The EPRDF government instituted a transition period that resulted in the establishment of formal democratic institutions. There are currently more than 60 legally recognized political parties active in Ethiopia, although the political scene continues to be dominated by the EPRDF. Opposition parties claim that their ability to function is seriously impeded by government harassment, although other observers note that these parties are often reluctant to participate in the political process. There is a small but growing civil society, which has been subject to some restrictions by the government.

A constitution adopted in 1994 established a federal system of government, with power vested in a directly elected 548-member, the Council of People's Representatives. The first official multiparty elections to the council in 1995 gave 540 seats to the EPRDF and linked parties. A second chamber of parliament, the 117-member Federal Council, represents ethnic minorities and professional groups. Ethiopia is made up of nine federal regions.

Political Rights and Civil Liberties

In principle, the 1995 constitution is an extremely progressive document. The government has devolved some power to regional and local governments and courts.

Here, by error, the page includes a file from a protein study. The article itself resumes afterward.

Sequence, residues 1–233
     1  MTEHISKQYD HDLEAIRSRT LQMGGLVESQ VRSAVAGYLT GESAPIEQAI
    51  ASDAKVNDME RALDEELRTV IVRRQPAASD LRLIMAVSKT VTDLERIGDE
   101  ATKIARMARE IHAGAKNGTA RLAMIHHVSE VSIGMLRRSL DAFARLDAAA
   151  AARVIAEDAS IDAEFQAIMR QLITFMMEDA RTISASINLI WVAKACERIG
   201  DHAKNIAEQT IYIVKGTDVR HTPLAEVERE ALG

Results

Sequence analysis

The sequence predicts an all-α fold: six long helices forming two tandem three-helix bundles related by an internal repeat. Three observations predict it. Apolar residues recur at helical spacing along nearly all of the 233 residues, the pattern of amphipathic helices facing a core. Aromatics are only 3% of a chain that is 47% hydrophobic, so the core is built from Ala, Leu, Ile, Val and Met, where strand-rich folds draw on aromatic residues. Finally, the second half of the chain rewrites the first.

The constitution provides for a broad range of democratic institutions and political activity, including the right of secession. As with many elements of the Ethiopian political system, however, the reality differs. The EPRDF today controls all of the elected regional councils directly or with coalition partners. It is highly unlikely that any region would in fact be allowed to secede.

Executive power is vested in a prime minister, who is selected by the Council of People's Representatives. The May 1995 legislative elections were tarnished, however, by substantial government manipulation and inadequate protection of basic rights, including a crackdown on the independent media in the months before the vote. Most of the leading opposition groups boycotted the May 1995 parliamentary elections. It does not appear that the scheduled year 2000 elections will represent any improvement. The speaker of the Council of People's Representatives, has stated, for example, that independent foreign election observers would not be welcome during the elections. The Ethiopian government continues to selectively harass opposition parties, and impede their ability to participate in the political process.